Jason Beaubien, NPR
This livestock didn't survive Kenya's harsh drought.
This livestock didn't survive Kenya's harsh drought. Jason Beaubien, NPR
Jason Beaubien, NPR
A rice farmer in Tanzania's Great Rift Valley, in the country's southwest, where land has become less productive, mainly because of drought. For many, crops are the only source of cash.
A rice farmer in Tanzania's Great Rift Valley, in the country's southwest, where land has become less productive, mainly because of drought. For many, crops are the only source of cash. Jason Beaubien, NPR
Sub-Saharan Africa is waiting for a Green revolution. Agricultural movements in Asia and Latin America in the later part of the 20th century dramatically boosted crop yields, allowed countries to feed growing populations and spurred economic growth.
But sub-Saharan Africa still doesn't produce enough food to feed its own people. Millions of Africans are chronically malnourished, and the region has become perennially dependent on international food aid.
The majority of Africans earn their livings through agriculture, most as subsistence farmers. And African soil is some of the least productive in the world.
In Western Tanzania, herders graze small Zebu cattle. The herds of stocky, almost-miniature cows migrate across the plains of the Rift Valley. The animals can survive in what is at times a harsh, semi-arid environment, but they don't produce nearly as much milk or beef as Western breeds.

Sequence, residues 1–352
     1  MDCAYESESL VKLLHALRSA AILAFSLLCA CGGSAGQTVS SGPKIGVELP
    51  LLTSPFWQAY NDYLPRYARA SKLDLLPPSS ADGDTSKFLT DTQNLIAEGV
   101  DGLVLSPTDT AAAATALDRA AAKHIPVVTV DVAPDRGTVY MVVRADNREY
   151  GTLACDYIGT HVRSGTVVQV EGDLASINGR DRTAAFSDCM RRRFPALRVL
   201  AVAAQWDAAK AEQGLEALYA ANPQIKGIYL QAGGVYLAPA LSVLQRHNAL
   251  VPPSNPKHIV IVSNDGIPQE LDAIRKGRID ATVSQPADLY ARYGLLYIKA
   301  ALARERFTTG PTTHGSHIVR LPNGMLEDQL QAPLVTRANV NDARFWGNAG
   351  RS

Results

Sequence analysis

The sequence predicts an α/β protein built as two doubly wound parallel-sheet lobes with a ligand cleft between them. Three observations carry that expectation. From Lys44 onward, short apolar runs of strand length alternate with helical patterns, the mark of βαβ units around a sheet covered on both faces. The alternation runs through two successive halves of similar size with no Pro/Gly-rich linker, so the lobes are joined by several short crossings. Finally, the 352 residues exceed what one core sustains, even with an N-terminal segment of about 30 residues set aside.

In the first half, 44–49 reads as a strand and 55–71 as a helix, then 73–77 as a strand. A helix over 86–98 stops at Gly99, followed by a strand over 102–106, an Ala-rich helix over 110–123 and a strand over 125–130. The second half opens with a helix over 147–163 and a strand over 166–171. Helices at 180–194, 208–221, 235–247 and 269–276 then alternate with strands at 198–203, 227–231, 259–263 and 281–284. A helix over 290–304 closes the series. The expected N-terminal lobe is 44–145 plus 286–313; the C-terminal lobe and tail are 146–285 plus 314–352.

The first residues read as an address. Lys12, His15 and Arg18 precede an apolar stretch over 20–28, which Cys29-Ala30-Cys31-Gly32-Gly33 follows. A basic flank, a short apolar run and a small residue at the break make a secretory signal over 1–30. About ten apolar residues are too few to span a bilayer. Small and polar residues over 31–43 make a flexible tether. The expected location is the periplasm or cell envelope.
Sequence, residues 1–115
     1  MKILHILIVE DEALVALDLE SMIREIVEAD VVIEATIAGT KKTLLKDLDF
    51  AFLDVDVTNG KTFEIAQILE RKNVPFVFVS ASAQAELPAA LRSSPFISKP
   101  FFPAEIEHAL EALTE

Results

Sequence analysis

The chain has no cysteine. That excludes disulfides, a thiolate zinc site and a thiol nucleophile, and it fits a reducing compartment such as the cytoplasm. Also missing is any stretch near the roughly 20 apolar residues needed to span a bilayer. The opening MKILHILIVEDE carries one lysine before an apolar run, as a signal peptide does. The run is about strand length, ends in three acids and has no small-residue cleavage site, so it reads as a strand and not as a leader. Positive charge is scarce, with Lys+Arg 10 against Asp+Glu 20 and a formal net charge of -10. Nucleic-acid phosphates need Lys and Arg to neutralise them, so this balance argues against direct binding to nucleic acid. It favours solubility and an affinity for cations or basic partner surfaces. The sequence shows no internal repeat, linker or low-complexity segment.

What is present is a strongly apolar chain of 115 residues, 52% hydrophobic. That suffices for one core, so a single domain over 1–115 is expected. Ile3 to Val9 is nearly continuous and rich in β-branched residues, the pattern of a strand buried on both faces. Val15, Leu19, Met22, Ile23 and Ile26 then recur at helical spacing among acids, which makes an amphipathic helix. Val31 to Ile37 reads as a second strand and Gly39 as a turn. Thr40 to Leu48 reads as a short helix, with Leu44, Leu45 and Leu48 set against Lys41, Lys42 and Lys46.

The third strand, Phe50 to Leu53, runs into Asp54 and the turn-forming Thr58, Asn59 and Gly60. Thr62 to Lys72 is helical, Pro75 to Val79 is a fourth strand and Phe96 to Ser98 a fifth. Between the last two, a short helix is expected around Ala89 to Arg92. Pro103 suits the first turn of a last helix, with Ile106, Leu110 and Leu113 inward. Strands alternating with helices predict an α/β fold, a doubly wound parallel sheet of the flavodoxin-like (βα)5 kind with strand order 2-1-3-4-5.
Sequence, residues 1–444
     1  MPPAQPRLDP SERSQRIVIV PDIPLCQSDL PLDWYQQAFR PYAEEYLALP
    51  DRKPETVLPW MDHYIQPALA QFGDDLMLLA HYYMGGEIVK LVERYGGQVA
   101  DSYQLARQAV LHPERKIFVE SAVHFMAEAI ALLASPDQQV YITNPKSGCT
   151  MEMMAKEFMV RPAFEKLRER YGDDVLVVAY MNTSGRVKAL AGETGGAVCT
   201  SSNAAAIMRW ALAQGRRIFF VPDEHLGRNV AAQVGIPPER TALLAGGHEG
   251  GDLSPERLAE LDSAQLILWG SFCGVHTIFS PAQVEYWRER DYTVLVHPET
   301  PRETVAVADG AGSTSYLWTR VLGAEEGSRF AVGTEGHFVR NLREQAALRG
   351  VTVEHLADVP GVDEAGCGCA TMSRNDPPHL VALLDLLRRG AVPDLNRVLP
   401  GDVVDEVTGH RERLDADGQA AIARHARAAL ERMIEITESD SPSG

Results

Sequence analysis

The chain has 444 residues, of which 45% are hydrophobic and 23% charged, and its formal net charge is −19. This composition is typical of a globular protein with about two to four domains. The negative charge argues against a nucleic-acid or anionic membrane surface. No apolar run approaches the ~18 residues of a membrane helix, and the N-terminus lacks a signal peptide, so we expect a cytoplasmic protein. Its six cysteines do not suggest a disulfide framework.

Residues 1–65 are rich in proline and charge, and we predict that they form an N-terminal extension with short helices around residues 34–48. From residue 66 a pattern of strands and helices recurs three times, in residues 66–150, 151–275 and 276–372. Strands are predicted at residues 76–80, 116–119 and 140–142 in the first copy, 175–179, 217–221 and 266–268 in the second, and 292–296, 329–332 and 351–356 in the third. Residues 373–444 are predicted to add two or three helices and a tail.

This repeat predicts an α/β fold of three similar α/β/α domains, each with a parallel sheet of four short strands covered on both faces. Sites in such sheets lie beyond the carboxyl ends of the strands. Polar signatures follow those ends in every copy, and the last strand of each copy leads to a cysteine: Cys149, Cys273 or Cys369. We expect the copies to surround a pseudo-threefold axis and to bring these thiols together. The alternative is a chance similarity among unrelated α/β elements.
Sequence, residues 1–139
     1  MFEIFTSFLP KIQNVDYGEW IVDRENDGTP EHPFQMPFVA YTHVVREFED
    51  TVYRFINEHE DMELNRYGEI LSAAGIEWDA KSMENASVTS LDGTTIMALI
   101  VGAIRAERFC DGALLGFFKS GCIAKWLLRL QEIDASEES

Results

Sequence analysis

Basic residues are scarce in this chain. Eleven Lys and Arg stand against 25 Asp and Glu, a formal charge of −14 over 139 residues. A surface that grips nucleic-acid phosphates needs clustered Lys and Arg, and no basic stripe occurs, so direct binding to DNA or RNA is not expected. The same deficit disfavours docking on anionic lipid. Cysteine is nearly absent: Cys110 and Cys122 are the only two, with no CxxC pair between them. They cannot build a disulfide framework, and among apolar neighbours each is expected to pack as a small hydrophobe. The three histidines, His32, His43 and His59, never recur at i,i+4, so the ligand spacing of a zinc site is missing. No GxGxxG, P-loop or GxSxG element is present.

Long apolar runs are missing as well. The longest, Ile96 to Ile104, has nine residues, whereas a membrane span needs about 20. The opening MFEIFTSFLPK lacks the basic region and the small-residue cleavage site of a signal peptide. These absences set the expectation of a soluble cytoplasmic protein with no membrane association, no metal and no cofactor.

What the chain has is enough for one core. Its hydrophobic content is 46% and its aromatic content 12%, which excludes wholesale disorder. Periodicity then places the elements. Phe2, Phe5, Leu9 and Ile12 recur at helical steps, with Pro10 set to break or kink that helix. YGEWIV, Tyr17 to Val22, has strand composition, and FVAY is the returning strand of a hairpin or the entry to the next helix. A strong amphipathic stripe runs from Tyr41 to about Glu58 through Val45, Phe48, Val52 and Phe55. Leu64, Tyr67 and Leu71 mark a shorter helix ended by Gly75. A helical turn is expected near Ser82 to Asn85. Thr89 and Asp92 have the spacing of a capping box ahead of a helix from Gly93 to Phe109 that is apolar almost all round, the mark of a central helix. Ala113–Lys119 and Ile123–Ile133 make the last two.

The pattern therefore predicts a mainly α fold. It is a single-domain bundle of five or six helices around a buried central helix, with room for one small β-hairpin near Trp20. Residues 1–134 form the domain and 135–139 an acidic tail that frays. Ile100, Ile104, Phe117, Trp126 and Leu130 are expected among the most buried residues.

Sedentary farmers in the area grow mainly sorghum and maize. Corn production, however, is erratic. Some of the small plots have rows of tall, sturdy corn plants. Others are dusty expanses of failed crops.
Amelio Nande says he gets less and less food each year from his five-acre field. He says the land has become less productive mainly because of drought.
Nande grows corn and a little bit of rice. He says he keeps most of his crop to feed his family. He sells a portion of his harvest at the local market. This is his only source of cash. So the drop in productivity of his land directly affects his family's income. But he says there's little he can do about it.
If you put fertilizer here, he says, it will burn the plants. He also doesn't rotate his crops. There's no irrigation. And Nande believes the amount he harvests is entirely dependent on rainfall.
In much of sub-Saharan Africa, most subsistence-farmers operate this way. They use simple techniques that haven't changed for generations.
As nutrients get leeched from the soils and Africa's population grows, the gap between the amount of food produced and the amount needed grows wider.
Mark Rosegrant with the International Food Policy Research Institute says a solution to Africa's overall food problems is still a long way off.
"When we look at long-term projections in Africa, there's still going to be a period where imports are going to be increasing substantially," he says. "So they're going to be relying on increased market imports. But also I think inevitably there's going to be still a considerable need for concessionary- and food aid-type imports of food."
And Rosegrant says unless there are significant policy shifts, the need for food aid and the number of malnourished Africans will increase in the coming decades.